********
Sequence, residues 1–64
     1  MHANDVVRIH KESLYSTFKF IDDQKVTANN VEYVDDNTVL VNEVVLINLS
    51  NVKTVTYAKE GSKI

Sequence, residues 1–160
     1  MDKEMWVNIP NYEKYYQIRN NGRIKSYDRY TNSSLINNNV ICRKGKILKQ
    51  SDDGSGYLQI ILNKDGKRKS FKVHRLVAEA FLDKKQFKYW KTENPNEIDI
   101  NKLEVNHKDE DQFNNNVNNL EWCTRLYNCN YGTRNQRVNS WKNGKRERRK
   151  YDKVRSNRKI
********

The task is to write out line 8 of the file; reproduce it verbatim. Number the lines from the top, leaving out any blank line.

   151  YDKVRSNRKI